David Mitchell, Earth calling Taylor

Fist full of money

Money, money, money (Courtesy: OCAL from clker.com)

And now for something a little different from novelist David Mitchell, a short story titled “Earth calling Taylor”. You can read it online at FT.com. FT.com is the online version of the Financial Times, so it’s not surprising that Ryan Taylor, the protagonist of the story, works in the finance industry. The story starts with Ryan waiting to hear whether he has received the promotion to portfolio manager that he’s expecting.

The scene then shifts to a hospital, where Ryan joins his mother and step-siblings to visit his father who is recovering from a fall. It seems to be a happy and supportive family – they are sitting around the bed, squabbling with the father, who is clearly “on the mend”, over a game of Scrabble. His brother, Jason, is (“only”, says Ryan) a speech therapist and his sister is a successful lawyer in human rights areas, while Ryan, as we know, works at the more self-centred, self-serving end of the occupation spectrum.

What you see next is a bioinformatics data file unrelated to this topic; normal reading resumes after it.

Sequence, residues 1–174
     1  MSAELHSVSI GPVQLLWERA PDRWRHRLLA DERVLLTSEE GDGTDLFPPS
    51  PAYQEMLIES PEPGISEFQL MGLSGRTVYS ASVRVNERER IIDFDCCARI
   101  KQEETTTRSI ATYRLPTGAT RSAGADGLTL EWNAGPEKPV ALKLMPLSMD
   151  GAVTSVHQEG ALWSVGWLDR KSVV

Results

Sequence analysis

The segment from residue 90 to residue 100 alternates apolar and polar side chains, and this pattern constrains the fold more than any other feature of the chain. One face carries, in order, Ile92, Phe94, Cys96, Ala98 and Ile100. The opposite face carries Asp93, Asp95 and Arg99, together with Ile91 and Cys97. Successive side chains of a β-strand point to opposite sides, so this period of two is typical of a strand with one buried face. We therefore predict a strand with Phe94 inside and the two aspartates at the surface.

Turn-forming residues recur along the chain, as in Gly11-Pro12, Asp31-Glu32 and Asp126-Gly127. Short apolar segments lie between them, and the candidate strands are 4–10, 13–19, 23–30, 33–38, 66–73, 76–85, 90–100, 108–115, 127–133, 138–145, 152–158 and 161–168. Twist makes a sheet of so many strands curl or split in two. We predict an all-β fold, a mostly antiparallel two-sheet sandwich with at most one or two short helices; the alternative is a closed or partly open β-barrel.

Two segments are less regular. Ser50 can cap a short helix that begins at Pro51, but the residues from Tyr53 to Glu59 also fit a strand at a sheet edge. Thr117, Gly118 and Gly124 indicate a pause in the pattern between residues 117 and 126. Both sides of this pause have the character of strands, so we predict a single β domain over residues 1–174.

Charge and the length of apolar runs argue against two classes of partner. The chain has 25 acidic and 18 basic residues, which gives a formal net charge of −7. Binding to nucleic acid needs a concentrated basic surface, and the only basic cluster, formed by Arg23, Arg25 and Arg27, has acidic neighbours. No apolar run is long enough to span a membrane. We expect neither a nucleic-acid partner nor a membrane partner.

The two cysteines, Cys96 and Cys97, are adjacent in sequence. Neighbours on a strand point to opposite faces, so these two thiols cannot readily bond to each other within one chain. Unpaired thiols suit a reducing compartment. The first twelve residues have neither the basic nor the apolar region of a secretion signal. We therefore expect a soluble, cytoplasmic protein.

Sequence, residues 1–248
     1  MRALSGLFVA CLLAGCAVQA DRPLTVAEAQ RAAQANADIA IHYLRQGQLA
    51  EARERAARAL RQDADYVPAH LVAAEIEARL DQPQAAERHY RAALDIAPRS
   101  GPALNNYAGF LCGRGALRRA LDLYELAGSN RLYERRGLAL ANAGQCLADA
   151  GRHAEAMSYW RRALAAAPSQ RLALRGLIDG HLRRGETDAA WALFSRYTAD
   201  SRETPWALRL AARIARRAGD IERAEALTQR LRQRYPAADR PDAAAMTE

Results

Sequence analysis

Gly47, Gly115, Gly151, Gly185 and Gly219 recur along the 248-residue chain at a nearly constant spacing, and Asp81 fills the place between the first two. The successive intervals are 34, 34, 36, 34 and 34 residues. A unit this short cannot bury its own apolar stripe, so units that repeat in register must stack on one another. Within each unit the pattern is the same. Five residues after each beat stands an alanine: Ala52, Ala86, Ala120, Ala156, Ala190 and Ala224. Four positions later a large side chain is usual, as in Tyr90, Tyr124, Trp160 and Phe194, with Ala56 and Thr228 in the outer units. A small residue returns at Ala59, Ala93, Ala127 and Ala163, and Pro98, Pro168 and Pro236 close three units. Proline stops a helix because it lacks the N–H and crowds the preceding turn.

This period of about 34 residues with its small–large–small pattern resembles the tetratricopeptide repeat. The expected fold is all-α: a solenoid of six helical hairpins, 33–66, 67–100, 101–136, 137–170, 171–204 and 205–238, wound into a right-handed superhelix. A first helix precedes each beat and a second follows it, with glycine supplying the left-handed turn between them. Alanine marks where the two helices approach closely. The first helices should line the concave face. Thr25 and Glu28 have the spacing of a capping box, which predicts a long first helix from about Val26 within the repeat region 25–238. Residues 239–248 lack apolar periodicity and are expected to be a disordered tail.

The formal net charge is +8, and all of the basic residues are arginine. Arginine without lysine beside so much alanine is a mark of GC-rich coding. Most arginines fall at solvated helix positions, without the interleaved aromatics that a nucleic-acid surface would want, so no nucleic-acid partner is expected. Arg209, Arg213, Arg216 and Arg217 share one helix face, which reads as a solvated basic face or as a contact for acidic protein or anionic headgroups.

And, he’s edgy, so he leaves them, on a flimsy excuse, to go check for messages on his Blackberry. He’s not a very appealing character – he blatantly and unrepentantly fantasises about a nurse in the lift, he wishes for a little cocaine to settle himself down while swigging some hard liquor from his hip flask, he jumps to the wrong (read, negative) conclusions about people, he throws a tantrum when the expected message doesn’t arrive, and so on.

Running through the main narrative are intonations by his boss Calvin Hathaway on such subjects as “wanting” (in an uber-capitalist meaning of the word) and a little third person, somewhat mock-heroic, tale in which Ryan stars as himself:

The crowd went wild. King Ryan is anointed.

Rather puerile, eh? When he reads his Blackberry messages and, with only one to go, still hasn’t received the hoped-for message, he thinks “suddenly I’m down to my last life”. An appropriate pop culture allusion that mocks his intensity.